Positive correlation between anxiety severity and plasma levels of dehydroepiandrosterone sulfate in medication-free patients experiencing a major episode of depression
Version of Record online: 15 NOV 2006
Psychiatry and Clinical Neurosciences
Volume 60, Issue 6, pages 746–750, December 2006
How to Cite
HSIAO, C.-C. (2006), Positive correlation between anxiety severity and plasma levels of dehydroepiandrosterone sulfate in medication-free patients experiencing a major episode of depression. Psychiatry and Clinical Neurosciences, 60: 746–750. doi: 10.1111/j.1440-1819.2006.01590.x
- Issue online: 15 NOV 2006
- Version of Record online: 15 NOV 2006
- Received 2 May 2006; accepted 2 July 2006.
- anxiety severity;
- depression severity;
- Hamilton depression score;
- Hospital Anxiety and Depression Scale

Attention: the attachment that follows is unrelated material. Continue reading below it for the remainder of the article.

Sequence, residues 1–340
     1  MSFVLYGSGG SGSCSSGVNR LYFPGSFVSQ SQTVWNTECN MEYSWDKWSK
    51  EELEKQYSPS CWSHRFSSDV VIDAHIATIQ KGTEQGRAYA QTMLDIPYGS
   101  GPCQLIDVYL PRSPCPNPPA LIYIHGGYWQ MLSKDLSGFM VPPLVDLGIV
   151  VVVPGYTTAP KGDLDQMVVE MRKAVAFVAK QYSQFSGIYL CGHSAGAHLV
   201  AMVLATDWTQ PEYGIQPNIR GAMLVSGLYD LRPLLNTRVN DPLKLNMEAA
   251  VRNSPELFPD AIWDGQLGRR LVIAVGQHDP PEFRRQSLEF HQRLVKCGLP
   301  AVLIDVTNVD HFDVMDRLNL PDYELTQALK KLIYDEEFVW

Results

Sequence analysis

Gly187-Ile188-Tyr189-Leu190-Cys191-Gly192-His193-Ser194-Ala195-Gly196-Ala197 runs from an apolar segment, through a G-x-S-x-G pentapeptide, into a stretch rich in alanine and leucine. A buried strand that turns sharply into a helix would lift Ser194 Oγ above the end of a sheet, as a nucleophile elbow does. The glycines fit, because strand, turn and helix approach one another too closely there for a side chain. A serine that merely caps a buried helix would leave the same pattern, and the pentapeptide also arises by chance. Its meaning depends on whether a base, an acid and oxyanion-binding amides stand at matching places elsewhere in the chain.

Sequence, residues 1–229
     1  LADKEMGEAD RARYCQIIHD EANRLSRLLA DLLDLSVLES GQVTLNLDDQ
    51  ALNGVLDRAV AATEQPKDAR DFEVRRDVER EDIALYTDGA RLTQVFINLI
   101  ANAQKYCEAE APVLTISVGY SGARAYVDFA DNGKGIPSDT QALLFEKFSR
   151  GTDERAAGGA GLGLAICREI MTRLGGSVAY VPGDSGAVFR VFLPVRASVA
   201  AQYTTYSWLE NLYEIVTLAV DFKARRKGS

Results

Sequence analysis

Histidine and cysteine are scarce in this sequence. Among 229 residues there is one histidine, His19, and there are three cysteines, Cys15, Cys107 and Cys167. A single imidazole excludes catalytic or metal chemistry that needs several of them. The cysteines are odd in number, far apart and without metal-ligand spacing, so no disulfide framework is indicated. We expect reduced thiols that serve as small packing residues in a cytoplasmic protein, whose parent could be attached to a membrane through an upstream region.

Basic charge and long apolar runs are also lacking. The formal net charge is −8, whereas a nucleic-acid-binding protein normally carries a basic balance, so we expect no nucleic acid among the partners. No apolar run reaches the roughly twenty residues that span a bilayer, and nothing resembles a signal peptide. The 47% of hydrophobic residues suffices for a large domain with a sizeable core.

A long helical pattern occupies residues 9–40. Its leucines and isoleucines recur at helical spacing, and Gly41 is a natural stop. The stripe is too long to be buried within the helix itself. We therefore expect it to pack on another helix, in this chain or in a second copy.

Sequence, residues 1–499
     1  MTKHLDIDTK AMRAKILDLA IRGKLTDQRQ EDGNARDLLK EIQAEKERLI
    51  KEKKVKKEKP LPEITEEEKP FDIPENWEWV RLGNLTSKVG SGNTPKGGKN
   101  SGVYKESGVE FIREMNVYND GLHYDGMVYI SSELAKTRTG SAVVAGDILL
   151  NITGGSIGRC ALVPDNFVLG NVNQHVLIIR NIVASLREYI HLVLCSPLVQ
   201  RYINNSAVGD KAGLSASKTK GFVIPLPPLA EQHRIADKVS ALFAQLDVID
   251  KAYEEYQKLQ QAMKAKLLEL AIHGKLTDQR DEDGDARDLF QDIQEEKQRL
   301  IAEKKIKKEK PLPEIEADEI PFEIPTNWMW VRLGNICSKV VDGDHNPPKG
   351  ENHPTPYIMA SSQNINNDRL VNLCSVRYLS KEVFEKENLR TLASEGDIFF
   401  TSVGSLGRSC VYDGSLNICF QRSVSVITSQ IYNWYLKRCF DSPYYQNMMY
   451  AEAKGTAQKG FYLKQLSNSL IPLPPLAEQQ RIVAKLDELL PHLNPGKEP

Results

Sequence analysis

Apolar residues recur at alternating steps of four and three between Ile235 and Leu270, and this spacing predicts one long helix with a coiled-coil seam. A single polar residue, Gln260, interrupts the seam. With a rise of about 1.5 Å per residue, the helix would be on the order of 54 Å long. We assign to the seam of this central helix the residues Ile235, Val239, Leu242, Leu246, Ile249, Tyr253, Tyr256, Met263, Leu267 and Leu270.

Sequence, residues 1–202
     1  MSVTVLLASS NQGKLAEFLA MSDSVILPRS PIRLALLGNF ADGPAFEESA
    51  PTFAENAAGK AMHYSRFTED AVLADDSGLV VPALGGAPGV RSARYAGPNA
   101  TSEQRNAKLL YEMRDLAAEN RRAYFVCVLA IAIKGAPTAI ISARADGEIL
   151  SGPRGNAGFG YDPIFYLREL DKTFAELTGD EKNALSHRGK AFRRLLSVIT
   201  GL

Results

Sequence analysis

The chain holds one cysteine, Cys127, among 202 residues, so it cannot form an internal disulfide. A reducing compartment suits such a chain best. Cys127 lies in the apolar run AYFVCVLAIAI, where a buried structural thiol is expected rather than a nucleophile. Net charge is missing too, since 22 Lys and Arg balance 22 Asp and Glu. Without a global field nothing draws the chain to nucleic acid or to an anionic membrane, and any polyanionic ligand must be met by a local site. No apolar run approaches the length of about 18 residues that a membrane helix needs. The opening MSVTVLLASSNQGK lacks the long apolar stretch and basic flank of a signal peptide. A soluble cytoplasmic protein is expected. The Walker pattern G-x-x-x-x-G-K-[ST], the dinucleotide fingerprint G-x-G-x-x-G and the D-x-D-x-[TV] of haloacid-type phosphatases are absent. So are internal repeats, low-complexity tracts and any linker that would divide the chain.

Abstract Although numerous studies have identified a correlation between dehydroepiandrosterone sulfate (DHEAS) levels and anxiety or depression, those findings remain controversial. The purpose of the present study was to determine whether a correlation exists between depression severity and anxiety severity and serum DHEAS concentrations in medication-free patients experiencing a major depressive episode. Twenty-eight medication-free major depressive outpatients (Hamilton Rating Scale for Depression 17 [HAM-D 17] score ≥17) were enrolled consecutively. Plasma DHEAS levels of all subjects were measured. Blood from subjects was drawn at 0900–1100 h Depression severity was assessed with the HAM-D 17 and the Hospital Anxiety and Depression Scale (HADS) depression subscale. Anxiety was assessed using the HADS anxiety subscale. Serum concentrations of DHEAS were measured immediately following the HAM-D 17 and HADS assessments. A significant, positive correlation was identified between HADS anxiety subscale total score and morning serum DHEAS concentration (P = 0.013) after controlling for age, gender and body mass index (BMI). No statistically significant correlations were found between depression ratings and morning serum DHEAS concentrations. This preliminary study provides pilot data indicating that morning serum DHEAS concentrations were positively correlated with HADS anxiety subscale score (anxiety severity) after controlling for age, gender and BMI in medication-free outpatients experiencing a major depressive episode. It is not known if morning serum DHEAS levels would show similar or dissimilar changes in non-depressed subjects. The present result needs subsequent replication.